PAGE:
7 Artsy Towns in Hawaiʻi You’ll Love
These colorful neighborhoods are filled with offbeat charm, personality and plenty of galleries.
Stray away from the ordinary in Hawaiʻi to discover artsy towns not only filled with galleries, but also funky boutiques, record stores and under-the-radar eateries. From a former plantation neighborhood on the small island of Lānaʻi to the mecca of street art in the heart of Honolulu, you’ll feel the magnetic draw of these colorful towns.
1. Pāʻia, Maui
The minute you arrive in Pāʻia you’ll feel the free-spirited vibes. Once a quiet plantation neighborhood, Pāʻia is now a vibrant surf hub on Maui’s north shore drawing international athletes as well as local artists and soul-searching travelers. The sand-dusted streets of this beach town are lined with art galleries including Pueo Gallery and Art Project Pāʻia. But among the art emporiums, you’ll also find laid-back eateries like Café des Amis and Flatbread Pizza Co. along with rad surf shops such as Hi-Tech Pāʻia. While in town, make sure to head up Baldwin Avenue to visit the Maui Dharma Center to see its stupa and learn more about Tibetan Buddhism. And be on the lookout for hidden businesses tucked behind bikini shops, like Pāʻia Bay Coffee and the consignment shop behind Biasa Rose.
2. Wailuku, Maui
Drive through Wailuku and the vibrant murals by local artists will certainly catch your eye. But it’s well worth your time to park the car and explore this place on foot. Nestled against the West Maui Mountains and just a couple of miles east of ʻĪao Valley, Wailuku is growing its art scene thanks to Small Town Big Art. The foundation works with local artists to celebrate the island’s vibrant culture through visual, experiential and performance-based arts. These creative vibes flow through the street right into cozy coffee houses like Maui Coffee Attic, eclectic antique shops like Antique Freak and the nostalgic record store Request Music. And like its emerging art scene, Wailuku is building a reputation as a foodie destination thanks to eateries like Shikeda Bento Pâtisserie. The bento joint offers a modern-take on the classic bento as well as delicate French-inspired pastries. The town is also home to chef Sheldon Simeon’s newest restaurant venture, Tiffany’s. The “Top Chef” alum revived the beloved mainstay, condensing its once 150-item menu to 50. Long time Tiffany’s regulars don’t need to worry: Simeon kept popular favorites like kimchi fried rice and honey walnut shrimp. And he of course put his own mark on the menu by adding new dishes like stir-fried squid with gochujang and mapo tofu with Sichuan pepper.
3. Kailua, Oʻahu
Best known for its golden stretches of sand and aquamarine waters, Kailua’s charm goes beyond the beach. Here, you can order brunch at a barbecue restaurant, sip beer at a philanthropic brewery and shop for beach attire and unique souvenirs at local art shops. So, spend a slow morning or afternoon in laid-back Kailua. Start with brunch at Easy ‘Que, then visit stores by artists Nick Kuchar and Lauren Roth, and end with a flight of craft beer at Grace in Growlers. While strolling through town, be on the lookout for traffic boxes decorated by local painters and murals by Native Hawaiian artist Sara Saffery.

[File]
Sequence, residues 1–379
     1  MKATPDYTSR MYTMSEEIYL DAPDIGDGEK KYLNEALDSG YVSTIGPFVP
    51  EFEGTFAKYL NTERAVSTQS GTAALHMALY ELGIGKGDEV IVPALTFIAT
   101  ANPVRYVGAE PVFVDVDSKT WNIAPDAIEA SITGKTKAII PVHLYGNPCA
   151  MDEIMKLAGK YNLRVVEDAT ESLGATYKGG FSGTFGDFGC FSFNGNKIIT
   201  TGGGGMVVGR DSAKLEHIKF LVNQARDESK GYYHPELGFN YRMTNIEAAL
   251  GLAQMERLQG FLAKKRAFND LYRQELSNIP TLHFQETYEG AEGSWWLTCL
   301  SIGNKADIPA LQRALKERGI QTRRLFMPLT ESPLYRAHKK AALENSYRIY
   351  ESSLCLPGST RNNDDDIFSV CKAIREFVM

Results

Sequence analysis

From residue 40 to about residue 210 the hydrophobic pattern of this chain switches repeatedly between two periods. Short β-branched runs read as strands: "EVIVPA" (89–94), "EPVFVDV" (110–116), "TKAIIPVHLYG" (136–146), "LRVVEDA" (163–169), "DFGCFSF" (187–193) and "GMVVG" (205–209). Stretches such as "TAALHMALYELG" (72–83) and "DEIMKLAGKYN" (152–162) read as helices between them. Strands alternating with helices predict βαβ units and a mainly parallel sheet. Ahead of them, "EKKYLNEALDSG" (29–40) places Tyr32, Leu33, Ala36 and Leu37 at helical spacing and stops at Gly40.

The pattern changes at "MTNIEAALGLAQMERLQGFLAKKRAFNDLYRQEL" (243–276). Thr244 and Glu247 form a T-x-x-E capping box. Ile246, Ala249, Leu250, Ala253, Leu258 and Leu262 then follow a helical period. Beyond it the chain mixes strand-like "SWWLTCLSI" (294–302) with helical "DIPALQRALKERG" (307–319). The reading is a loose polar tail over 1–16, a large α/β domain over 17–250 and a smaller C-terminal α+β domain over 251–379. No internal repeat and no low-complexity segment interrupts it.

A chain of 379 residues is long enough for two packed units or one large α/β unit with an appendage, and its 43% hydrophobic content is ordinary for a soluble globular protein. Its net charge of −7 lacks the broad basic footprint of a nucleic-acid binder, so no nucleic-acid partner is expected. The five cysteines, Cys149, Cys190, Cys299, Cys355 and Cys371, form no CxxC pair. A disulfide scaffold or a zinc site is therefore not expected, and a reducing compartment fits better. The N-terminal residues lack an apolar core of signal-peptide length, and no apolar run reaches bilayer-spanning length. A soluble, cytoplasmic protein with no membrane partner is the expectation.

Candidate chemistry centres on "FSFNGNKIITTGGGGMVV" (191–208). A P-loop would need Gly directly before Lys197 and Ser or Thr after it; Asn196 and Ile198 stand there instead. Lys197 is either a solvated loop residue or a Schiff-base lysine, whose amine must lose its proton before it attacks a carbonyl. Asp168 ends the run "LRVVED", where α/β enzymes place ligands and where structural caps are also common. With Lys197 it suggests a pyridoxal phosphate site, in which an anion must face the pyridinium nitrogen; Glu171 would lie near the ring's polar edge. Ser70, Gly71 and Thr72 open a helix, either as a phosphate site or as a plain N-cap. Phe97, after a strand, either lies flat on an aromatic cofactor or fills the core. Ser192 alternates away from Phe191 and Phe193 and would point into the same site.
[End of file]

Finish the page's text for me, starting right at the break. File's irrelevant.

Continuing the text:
4. Kakaʻako, Oʻahu
Each spring, artists from around the world flock to Honolulu’s Kakaʻako district—the undeniable mecca of street art in Hawaiʻi—for the annual POW! WOW! street art festival. While here, they create dozens of murals, making for a magnificent walk-through gallery spanning several city blocks. The murals remain on display until the following year’s festival. But Kakaʻako is more than just street art. The district, which was once known for its auto body shops is now inhabited by coffee shops serving artisanal lattes, highly curated clothing boutiques and hip record shops. Just stop by the shopping center SALT at Our Kakaʻako to see for yourself.
5. Hanapēpē, Kauaʻi
In Kauaʻi’s “biggest little town,” historic buildings are filled with mom–and–pop restaurants, quaint shops and more art galleries than any other neighborhood on the island. And Friday Art Nights are when this typically sleepy town awakens. Since 1997, the weekly art market has drawn crowds to Hanapēpē’s historic streets. Like many events, art night was paused during the COVID-19 pandemic and didn’t restart until July 2022. Galleries once again welcome people to browse art by the island’s creatives, and local eateries and shops will be open too.
6. Hōlualoa, Hawaiʻi Island
The quiet town of Hōlualoa rests on the slopes of the dormant Hualālai volcano between Kailua-Kona and Keauhou. Surrounded by hundreds of coffee farms, Hualālai is deep in Kona coffee country, where you’ll find some of the best java in the Islands. But the village is also known as an art enclave. Along Mamalahoa Highway, you’ll find colorful collectibles at Barbara Hanson Art, incredible sculptures at Glyph Art and one-of-a-kind ʻukulele at the Hōlualoa ʻUkulele Gallery & Workshop, which is located in the town’s old post office. If you’re on the island during November, make sure to stop by the annual Hōlualoa Village Coffee & Art Stroll to sip on Kona coffee blends while you shop crafts created by local artisans.
7. Lānaʻi City, Lānaʻi
Lānaʻi City was established in the early 1900s as a plantation town during the booming pineapple industry. Today, it’s still the main hub of the island that’s home to only about 3,300 residents. Despite being small and quaint, Lānaʻi City has its own distinct personality—and art is a big part of it. Stop by the Lānaʻi Art Center for a glimpse of the artistic talent in town. The gallery features works by local artists, from watercolors to sculptures made with red clay.